I received news that my younger sister’s friend at school and indeed our family friend died last week from gun shots by robbers. She had been an eighteen year old student of Covenant University and had left school for Lagos when this unfortunate incident happened. My younger sister has not stopped crying for days now. I am still very distraught.Late last year I also lost a very good friend of mine to cancer of the stomach while he was away for his Masters degree in the UK. I attended the funeral with eye whites flecked with red; my heart breaking all over again when I remembered his smile.
Eight years ago, I lost three young friends of mine to an accident, malaria, and sickle cell respectively. They were just mid way through their university degrees and had high hopes and dreams.
Death as we know is inevitable. It occurs as certainly as birth does. Anyone that is born must surely die, and this has been going on since the world began, but it doesn’t mean we have gotten used to it. I lost my mum at forty five and I still think she was too young to die. I still haven’t quite gotten over it and may never; she really was an amazing woman.
I wrote a piece a few months ago, titled Of Legacies and Remembrances to try and make humorous sense of the pain of losing someone dear from the point of view of the one who has passed. And in my piece, I created a fantasy where the person was worried about the legacy they left behind and constantly looked for affirmations that they had been on the right path.
I thought of this most of the day before deciding to write this piece; battling with the unintended morbidity this may portray. However we must talk about it because it is not only old people who die. Young people do too, and we cannot afford to wait till we are old to begin to think of a legacy, taking for granted that we will live till our nineties.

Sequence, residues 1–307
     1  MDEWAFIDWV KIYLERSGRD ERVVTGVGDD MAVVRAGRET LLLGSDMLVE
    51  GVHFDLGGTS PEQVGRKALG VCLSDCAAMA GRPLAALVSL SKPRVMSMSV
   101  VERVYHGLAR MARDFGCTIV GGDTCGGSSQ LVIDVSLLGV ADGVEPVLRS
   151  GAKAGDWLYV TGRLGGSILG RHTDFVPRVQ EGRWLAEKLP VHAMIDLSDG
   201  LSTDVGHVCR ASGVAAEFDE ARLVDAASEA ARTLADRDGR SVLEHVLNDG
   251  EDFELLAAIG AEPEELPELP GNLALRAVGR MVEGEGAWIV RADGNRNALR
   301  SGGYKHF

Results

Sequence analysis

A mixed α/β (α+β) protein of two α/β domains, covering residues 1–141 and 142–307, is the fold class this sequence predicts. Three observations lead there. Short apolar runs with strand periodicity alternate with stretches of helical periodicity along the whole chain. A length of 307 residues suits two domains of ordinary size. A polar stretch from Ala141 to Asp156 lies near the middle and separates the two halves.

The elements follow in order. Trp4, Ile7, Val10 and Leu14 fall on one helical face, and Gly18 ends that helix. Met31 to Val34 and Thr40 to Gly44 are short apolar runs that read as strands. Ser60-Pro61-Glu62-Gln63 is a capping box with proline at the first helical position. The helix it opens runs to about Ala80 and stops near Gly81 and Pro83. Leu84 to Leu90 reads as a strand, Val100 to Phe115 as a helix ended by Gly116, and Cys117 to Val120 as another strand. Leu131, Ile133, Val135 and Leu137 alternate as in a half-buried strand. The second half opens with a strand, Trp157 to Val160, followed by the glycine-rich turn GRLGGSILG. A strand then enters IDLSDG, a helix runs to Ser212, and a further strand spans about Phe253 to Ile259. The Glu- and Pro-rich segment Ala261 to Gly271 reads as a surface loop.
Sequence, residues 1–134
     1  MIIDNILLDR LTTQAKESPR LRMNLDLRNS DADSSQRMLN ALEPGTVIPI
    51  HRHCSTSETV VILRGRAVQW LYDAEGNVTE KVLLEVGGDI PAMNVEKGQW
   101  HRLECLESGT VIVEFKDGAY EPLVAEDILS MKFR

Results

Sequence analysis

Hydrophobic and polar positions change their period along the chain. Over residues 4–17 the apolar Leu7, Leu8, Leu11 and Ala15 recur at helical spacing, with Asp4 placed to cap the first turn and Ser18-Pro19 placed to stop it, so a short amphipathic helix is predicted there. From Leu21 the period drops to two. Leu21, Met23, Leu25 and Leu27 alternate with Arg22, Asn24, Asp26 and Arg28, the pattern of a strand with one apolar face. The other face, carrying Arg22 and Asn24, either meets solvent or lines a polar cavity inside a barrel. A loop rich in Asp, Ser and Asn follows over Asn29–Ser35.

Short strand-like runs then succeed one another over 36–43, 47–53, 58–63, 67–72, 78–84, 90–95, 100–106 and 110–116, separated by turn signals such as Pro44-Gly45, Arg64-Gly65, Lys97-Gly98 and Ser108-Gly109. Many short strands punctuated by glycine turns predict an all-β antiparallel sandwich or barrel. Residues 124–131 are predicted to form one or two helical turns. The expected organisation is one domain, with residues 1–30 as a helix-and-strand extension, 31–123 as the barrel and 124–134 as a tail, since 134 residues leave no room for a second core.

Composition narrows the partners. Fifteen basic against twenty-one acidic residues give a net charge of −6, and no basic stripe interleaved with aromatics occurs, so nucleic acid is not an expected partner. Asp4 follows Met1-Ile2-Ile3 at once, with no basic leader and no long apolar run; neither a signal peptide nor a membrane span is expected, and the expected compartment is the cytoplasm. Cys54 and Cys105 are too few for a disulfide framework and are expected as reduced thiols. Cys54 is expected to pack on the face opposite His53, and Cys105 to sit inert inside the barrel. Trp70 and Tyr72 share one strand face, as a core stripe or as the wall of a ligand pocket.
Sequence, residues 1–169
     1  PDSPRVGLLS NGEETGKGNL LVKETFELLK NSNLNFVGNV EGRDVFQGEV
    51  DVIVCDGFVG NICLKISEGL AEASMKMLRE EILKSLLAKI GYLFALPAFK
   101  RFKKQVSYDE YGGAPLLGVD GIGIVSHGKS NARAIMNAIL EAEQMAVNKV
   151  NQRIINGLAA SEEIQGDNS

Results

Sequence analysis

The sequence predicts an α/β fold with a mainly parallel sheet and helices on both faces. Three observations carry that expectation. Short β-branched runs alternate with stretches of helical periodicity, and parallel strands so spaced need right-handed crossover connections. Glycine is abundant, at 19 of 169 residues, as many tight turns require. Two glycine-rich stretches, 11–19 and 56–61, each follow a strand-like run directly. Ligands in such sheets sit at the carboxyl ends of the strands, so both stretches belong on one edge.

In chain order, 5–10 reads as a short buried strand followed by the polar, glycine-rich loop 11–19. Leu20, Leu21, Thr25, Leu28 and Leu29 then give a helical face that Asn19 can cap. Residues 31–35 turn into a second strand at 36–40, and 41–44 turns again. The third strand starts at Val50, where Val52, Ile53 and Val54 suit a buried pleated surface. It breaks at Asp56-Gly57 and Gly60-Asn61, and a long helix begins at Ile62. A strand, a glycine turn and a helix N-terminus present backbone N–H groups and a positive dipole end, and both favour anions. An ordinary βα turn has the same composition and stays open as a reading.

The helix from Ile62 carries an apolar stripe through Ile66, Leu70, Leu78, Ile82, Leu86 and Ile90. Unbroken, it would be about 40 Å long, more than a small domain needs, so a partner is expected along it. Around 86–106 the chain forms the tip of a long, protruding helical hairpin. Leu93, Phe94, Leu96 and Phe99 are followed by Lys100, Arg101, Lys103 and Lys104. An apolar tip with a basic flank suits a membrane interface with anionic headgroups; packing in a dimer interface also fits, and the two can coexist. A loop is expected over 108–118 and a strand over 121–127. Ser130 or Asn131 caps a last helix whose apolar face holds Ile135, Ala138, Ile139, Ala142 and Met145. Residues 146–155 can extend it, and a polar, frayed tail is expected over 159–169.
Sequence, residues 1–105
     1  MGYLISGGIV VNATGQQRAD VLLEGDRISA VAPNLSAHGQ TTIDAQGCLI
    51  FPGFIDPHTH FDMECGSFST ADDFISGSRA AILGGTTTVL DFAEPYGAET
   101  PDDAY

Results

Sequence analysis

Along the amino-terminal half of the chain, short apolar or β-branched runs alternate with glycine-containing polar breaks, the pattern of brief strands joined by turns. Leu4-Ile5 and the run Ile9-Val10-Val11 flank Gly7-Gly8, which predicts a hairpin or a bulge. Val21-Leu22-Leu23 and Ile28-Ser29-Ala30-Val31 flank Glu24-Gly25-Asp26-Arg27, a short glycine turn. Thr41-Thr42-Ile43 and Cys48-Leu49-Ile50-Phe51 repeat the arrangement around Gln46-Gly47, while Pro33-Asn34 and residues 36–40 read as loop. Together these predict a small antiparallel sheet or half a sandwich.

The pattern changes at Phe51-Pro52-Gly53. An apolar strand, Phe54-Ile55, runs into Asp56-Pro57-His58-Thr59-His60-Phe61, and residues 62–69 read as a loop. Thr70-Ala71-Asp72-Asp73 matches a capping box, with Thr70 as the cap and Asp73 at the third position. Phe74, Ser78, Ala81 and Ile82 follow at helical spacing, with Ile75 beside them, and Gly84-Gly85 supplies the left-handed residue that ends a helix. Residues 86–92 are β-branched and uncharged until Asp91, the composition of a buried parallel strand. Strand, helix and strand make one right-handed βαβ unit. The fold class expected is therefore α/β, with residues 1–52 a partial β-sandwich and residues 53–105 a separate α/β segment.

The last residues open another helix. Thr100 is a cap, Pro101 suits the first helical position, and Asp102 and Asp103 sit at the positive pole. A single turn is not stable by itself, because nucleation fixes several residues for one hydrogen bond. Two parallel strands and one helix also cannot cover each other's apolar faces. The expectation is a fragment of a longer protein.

What is a legacy? Dictionaries tell of things like a gift; something to be remembered for; a bequest; and not always of money. Your legacy speaks of your essence, which will be unmistakably unique to you and clearly apparent on your passing, whatever the age.
To be conscious of death is to be conscious of life. People who are committed to leaving something behind are more likely to live better lives. Jesus who was constantly aware of his mission; to die for mankind, lived his short life with his eyes on the goal and did everything to attain that goal.
It’s a new year, and just like we have short term, mid-term and long term goals, I believe a good goal for us which will be called an all-term goal should be to die well.
“Ah, am I not too young to be interested in that?” you may ask? You’re not at all! I really hope all the friends I lost in their twenties thought of this.
To die well is to live well. Living well involves a clear eyed approach to the issues in your life, refusing to be hood winked by the enemy of our souls; the devil and taking responsibility for all our actions. It is fool hardy at this point to be unaware of what is good and what is evil. Search God’s word for his standards for all of life’s issues and enlist the Spirit’s help in conforming.
Realizing also that God has given us talents; graces, passions, skills and abilities and would be very upset if we bury them (see Matthew 25:14-30). If you don’t do something about that writing, singing, web developing, football or preaching now that you’ve got your youth, and then you go to meet the Lord with talents still intact, do not expect the Lord to smile and be happy. Harsh words like ‘Lazy and lying servant’ may apply to you. We should do our best to avoid that.
A lot of grief is associated with death, particularly with the death of a young person. Families and friends mourn the loss greatly because they think the person did not get a chance to “live life”, to get married, have children, buy houses and so on. The pain and sadness is understandable. However, at the end of the day, we all would do well to live like every single day is our last; to leave behind an ever present legacy for the loved ones we leave behind.